3) Most people value you solely for your entertainment value. They don’t see you as an end in yourself, and they would prefer that you see them as mere entertainment too. People are deathly afraid of vulnerability.

4) Being blunt and being tactless often look the same but are polar opposites. Most people confuse them.

4.5) People will forgive all kinds of flaws as long as you admit to them and try to be internally consistent. You don’t even have to apologize or say you’re wrong. If you’re always brutally honest (ie, blunt), eventually people will respect you for it.

5) People really resent kindness, gentleness, and politeness. They would rather you be gruff and rude so they can feel justified in hating you. If you are patient and forgiving with people, it will be met with resentment instead of gratitude.

All that may sound like common sense, but it’s really not.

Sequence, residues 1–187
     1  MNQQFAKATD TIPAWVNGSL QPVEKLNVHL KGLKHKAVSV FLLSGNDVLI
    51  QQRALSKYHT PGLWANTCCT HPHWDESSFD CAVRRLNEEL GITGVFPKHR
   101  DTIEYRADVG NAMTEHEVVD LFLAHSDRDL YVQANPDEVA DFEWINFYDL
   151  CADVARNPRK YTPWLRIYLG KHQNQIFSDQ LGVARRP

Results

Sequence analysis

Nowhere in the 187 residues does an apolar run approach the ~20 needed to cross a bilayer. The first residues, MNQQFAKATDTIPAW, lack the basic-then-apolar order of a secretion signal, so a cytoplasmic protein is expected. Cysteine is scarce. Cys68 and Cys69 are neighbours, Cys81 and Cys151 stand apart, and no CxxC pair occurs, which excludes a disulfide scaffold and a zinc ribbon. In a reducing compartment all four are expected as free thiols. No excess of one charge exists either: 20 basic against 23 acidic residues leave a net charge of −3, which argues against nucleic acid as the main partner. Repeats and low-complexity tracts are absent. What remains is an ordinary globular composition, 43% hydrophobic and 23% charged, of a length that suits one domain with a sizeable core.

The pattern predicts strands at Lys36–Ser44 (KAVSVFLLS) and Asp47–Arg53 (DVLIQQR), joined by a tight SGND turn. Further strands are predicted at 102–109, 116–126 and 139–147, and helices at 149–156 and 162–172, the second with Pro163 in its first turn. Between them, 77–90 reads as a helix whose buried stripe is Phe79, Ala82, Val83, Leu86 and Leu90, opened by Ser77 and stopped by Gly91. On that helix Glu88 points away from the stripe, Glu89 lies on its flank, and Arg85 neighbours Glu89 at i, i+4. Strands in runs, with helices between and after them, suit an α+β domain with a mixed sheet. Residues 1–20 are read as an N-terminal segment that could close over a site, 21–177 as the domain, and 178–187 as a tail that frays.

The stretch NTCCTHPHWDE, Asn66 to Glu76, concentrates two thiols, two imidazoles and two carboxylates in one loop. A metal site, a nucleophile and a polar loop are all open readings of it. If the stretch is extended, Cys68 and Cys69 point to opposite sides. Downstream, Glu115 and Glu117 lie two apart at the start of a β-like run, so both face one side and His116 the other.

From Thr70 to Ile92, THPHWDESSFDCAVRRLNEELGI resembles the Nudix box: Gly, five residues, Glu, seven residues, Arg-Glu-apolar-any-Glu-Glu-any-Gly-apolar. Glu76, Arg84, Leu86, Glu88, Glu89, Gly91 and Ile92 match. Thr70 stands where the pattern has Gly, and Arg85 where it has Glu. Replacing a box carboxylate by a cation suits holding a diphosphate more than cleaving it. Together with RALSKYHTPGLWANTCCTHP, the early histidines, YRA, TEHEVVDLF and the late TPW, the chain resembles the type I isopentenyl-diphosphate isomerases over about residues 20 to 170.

In our society, we have a comic book narrative of history and society. We need a simple bad guy to overthrow.

It would be nice to say that the Morality of Permission comes from 13 years of being treated like a felon convict during what should be your most developmental years and that all this was planned out in a CEO’s office to make good worker drones in the 1920s.

But that’s too simple. Perhaps the origins of modern schooling has roots in that, but it’s not like every district superintendent in the country is on General Motors’s payroll.

Does the system create the psychopath or does the psychopath create the system? Perhaps both. A circle has no beginning.

People send their kids to school because it’s free daycare. The reality is that parents like the Morality of Permission that schools teach. It certainly makes parenting easier. And the parents themselves follow this morality. All of Western Christianity, at least today, is based on the Morality of Permission.